That said, most anti-BDS measures are clearly directed at discriminatory business activities, and not at speech or advocacy.

So applied, such counter-boycott regulations will promote political, artistic and cultural freedoms by imposing economic sanctions on those BDS bigots who are seeking to suppress such freedoms by discriminating against Israeli, and pro-Israeli advocates, artists, cultural figures and businesses.

 

{Portions of this op-ed were first published in The Daily Beast under the title “New York is Right to Counterboycott Anti-Israel Boycotters.”}

Alan M. Dershowitz

New Legislation Would Free Up $1.5 Billion in Credit for Israeli Housing Starts

Thursday, June 9th, 2016

Construction companies are no longer allowed to charge their customers fees for their own legal services, according to a key item in a new amendment to the Sales Law being promoted by the Ministry of Housing and Construction, Calcalist reported Thursday. Another significant change in the law would remove the requirement that contractors post a bank guarantee for the VAT portion of the cost of the apartment, and instead the state would set up a special fund to cover the buyers’ outlay. This would save contractors millions of dollars, releasing more than $1.5 billion in bank credit to the real estate market. The construction firm would still have to insure the rest of the buyer’s investment, in case said firm goes out of business.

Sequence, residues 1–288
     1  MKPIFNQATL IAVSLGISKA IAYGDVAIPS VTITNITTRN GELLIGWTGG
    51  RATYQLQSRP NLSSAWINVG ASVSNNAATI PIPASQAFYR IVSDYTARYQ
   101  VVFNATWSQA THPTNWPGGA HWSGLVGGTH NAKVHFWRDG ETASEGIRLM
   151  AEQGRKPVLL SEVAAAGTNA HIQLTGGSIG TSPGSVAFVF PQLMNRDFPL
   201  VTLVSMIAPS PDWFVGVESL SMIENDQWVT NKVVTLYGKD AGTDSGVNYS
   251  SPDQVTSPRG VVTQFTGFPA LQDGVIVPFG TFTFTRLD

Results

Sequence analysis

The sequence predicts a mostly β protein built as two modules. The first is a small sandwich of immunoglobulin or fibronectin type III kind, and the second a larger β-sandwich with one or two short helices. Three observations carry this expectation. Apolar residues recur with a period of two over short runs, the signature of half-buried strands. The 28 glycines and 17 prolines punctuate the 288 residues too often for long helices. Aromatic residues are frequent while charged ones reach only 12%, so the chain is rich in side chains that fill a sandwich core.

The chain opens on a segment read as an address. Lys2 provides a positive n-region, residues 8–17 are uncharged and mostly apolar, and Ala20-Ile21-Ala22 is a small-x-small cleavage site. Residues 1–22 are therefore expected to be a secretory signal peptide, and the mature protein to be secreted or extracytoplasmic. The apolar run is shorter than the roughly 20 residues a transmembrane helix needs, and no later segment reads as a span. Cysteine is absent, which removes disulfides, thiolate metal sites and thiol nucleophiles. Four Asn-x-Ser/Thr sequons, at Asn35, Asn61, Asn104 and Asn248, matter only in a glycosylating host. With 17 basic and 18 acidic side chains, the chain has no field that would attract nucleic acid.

The Housing Ministry, which began the move to amend the law nine months ago, is hoping the changes would pass by the end of the Knesset summer session in August. The move was spurred by the common understanding that the construction section of the current Sales Law is outdated, and has led real estate companies to develop their own ways of bypassing it, at the expense of their customers. The amendments were forged by an inter-office team that included Deputy Attorney General Erez Kamenetz, the Consumer Protection Authority, the Finance Ministry, and the Tax Authority.

“It is our responsibility to help the Israeli public get accessible housing, while legally protecting the buyers and maintaining fairness in all processes,” Minister of Housing Yoav Galant told Calcalist. One of the problems in the way housing business is done in Israel has to do with the buyer paying the contractor’s attorney for processing the new apartment at the Land Registry Office (the local word for the office is Tabu — no relation to taboos, the word is simply the Arabic mispronunciation of the Turkish word Tapu, or title-deed). A recent legislation limited the fees paid to said attorney to about $1,300, but even so, the clients may believe that by paying his fees the attorney is now working for them, which he certainly isn’t — he remains in the service of the contractor.